Is my power supply powerful enough for a GTX 570?

I have a OCZ StealthXStream 600 (model ocz600sxs) and I'm trying to figure out if it's powerful enough to run a GTX 570. I know I have enough wattage for all of my components, I'm just not sure if I have enough amps.

This review states that the pcie connectors don't have dedicated rails. It says:

Quote:

This power supply has four virtual rails, divided like this:

* +12V1 (yellow wire with blue stripe): ATX12V connector labeled as “CPU1”.
* +12V2 (yellow wire with green stripe): ATX12V connector labeled as “CPU2”.
* +12V3 (solid yellow wire): Main motherboard cable and all peripheral connectors.
* +12V4 (yellow wire with black stripe): Video card auxiliary power connectors.



However, according to this document it looks like the pcie connectors are on separate rails, unless I'm not reading it correctly. It appears that one pcie plug is connected to the 12v4 rail and the other is connected to the 12v2 rail. If the second document is correct it looks like that would mean the pcie power connectors each have their own dedicated rails, right? So which one is correct?
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  1. I forgot to ask this. According to wikipedia a 6 pin power connector can output a maximum of 75 watts. That would mean each 6 pin connector would need 6.25 amps then because amps = watts / volts. If that's true then that's well below the 18 amps that each rail provides so it should be fine I would think.
  2. The Virtual rails is divied in to section so certin componets wont lose power and will have enough to run it. Theres only 1 acturally rail that is controlled by a chip on the psu motherboard. The power suply unit has only one rail that i can see from what you have put down. The powersupply is not enough to run gtx 570 becuase the powersupply has only 12v 18amps but you need 12v 38 amps to run the graphics card at full speed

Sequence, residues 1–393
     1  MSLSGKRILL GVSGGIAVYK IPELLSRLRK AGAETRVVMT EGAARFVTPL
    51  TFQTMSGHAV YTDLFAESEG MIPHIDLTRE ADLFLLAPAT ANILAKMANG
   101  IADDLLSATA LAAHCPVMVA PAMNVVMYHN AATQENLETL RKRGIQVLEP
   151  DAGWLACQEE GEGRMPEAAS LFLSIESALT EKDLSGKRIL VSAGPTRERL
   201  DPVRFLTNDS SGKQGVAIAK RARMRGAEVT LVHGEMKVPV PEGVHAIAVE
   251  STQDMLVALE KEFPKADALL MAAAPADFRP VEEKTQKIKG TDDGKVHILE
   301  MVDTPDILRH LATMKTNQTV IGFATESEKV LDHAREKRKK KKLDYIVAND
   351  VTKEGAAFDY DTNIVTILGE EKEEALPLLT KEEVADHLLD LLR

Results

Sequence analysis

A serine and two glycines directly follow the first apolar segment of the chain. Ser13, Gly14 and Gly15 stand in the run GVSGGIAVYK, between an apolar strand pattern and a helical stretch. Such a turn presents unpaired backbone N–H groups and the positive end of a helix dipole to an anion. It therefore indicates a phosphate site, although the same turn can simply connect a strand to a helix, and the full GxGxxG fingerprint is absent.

3. ace700 said:
    The Virtual rails is divied in to section so certin componets wont lose power and will have enough to run it. Theres only 1 acturally rail that is controlled by a chip on the psu motherboard. The power suply unit has only one rail that i can see from what you have put down. The powersupply is not enough to run gtx 570 becuase the powersupply has only 12v 18amps but you need 12v 38 amps to run the graphics card at full speed


    So this picture doesn't mean that each rail gets 18 amps then, it's actually saying the 18 amps is split among them?
  4. Quote:
    Yes your psu is enough. The 75 is just through the slots a psu can produce another 250w through the connectors per gpu as well if your card requires it.

    Each rail is monitored by a OCP CHIP. The total you see on the 12v Devide it by 12 to get the total the OCP chips are set at. So look at the back of your psu. It will have a total W under the 12v. That total Devide by 12v. You will find your psu got enough to pull that gpu with ease


    Thanks for the response, that makes me feel better. I was hoping I wouldn't have to go out and buy a new power supply yet.
  5. Stop worrying and plug it in :)
  6. the_seeker said:
    So this picture doesn't mean that each rail gets 18 amps then, it's actually saying the 18 amps is split among them?


    no each 12v virtual rail gets 18 amps witch is not enouhg to run the graphics card. my best best is try to use the graphics card if you already bought it and see if your computer will turn on
  7. Quote:
    445/12=37A

    ^A 570 in a power hungry system need 35A at full load.
    And that's theoretical.

    Your psu can produce 37A. So its fine.



    yeah that is total amps the power supply can produce. You are forgetting that the mother board takes i belive 12 amps to run. i could be worng on how much amps is needed for the motherboard
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